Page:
Two insights into online gaming

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Two looks into the world of online games that are fascinating for those of us not immersed in them. First, an article about how designers of online multi-player games can combat the ingenious ways people try and cheat. It's nearly three years old, so may be well out of date for all I know, but it's still interesting to see how people try and get ahead in these non-existent worlds.

Second, Julian Dibbell has a weblog. He wrote an article for Wired in January about the economy of buying and selling virtual objects in Ultima Online for real world money, after a study described the world of EverQuest as being the world's 77th richest country. While researching the article Dibbell fell into a "fairly predictable Ultima addiction" and is now keeping a intriguing diary of his attempts to make real dollars by trading virtual goods.

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This recent article from Tom's Hardware goes into more detail about cheats for specific games, as well as the current set of cheating countermeasures (such as PunkBuster):
http://www17.tomshardware.com/game/20030517/index.html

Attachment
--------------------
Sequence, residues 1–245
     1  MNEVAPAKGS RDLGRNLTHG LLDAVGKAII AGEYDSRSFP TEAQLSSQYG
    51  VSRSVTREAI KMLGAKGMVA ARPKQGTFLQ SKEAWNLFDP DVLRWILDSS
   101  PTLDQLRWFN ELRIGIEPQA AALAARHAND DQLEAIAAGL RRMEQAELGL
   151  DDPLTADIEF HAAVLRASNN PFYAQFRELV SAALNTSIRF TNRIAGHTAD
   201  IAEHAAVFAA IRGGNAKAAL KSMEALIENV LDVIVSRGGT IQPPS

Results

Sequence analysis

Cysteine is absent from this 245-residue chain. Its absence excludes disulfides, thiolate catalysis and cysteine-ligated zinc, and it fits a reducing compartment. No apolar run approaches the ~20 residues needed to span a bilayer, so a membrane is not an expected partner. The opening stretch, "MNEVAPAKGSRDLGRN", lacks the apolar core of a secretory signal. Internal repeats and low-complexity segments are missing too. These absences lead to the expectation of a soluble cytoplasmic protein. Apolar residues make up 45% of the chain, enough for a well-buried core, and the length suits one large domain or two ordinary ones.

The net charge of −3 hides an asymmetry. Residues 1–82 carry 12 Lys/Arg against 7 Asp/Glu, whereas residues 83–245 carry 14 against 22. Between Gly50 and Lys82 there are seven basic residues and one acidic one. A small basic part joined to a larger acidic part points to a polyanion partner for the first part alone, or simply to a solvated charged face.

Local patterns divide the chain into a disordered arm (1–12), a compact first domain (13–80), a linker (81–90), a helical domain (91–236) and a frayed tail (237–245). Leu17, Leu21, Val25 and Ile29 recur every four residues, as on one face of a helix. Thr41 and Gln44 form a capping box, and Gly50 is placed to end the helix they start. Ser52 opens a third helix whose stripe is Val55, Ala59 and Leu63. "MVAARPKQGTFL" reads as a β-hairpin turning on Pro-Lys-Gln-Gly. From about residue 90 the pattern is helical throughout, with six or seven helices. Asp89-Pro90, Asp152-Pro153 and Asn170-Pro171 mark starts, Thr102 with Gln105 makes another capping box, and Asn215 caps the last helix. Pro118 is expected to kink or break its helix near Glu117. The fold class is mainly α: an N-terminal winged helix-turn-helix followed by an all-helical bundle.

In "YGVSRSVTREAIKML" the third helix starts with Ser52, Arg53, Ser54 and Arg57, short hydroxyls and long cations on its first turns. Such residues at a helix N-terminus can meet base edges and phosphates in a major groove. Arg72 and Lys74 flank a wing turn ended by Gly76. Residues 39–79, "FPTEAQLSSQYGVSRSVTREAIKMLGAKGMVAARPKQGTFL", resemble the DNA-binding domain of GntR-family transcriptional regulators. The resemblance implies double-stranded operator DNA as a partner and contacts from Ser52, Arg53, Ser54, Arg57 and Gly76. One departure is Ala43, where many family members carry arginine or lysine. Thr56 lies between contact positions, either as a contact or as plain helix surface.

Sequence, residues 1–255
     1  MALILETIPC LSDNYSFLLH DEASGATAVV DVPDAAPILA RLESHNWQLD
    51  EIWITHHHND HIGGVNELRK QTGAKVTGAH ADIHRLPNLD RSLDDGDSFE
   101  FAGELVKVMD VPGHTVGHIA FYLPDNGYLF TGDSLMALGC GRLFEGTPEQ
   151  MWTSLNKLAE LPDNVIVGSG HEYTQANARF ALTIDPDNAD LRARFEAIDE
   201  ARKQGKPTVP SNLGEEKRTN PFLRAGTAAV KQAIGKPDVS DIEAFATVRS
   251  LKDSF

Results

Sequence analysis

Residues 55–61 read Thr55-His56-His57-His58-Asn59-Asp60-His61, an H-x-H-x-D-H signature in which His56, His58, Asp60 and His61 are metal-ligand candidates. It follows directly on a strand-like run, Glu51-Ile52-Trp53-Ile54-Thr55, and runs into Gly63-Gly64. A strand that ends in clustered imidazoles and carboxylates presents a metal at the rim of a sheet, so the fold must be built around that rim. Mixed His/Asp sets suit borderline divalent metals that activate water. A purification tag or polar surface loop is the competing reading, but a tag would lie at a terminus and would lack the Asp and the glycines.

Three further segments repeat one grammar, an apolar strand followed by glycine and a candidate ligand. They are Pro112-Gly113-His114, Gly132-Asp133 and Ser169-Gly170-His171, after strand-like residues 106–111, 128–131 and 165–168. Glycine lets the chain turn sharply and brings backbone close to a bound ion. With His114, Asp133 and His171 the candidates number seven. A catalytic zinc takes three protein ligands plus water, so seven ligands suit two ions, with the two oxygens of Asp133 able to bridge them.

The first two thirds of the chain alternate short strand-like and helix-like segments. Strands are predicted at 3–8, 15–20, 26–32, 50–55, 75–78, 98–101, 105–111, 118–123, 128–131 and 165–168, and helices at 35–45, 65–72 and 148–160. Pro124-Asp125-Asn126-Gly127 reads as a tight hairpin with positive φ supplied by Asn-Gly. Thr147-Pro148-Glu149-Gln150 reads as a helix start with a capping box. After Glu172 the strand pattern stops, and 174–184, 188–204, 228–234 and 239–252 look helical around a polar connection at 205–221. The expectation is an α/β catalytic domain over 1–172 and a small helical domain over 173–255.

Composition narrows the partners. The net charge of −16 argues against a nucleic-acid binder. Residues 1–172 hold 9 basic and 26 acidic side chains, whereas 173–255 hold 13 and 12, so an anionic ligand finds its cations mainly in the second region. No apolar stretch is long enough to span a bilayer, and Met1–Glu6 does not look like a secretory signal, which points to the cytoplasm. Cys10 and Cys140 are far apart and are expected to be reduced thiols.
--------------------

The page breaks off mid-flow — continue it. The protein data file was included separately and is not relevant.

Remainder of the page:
Cool, thanks Yoz. It was only when I came to write about that gamasutra article that I realised it was three years old!

I don't play these games either, so this is the blind leading the blind. But the Guardian ran an article recently by David McCandless that said cheating was getting to be a real problem.

"Online gaming is suffering from an epidemic of cheating. America's Army is just the latest in a long line of major titles - Quake III, Diablo II, Warcraft III and Battlefield 1942 - to be infested by dishonest players"

http://www.guardian.co.uk/online/story/0,3605,960616,00.html

Interestingly, it's the players not the game publishers who really object. The article quotes a guy at Punkbuster who thinks some publishers are happy to see cheating destroy their old games as it encourages players to move on to newer offerings.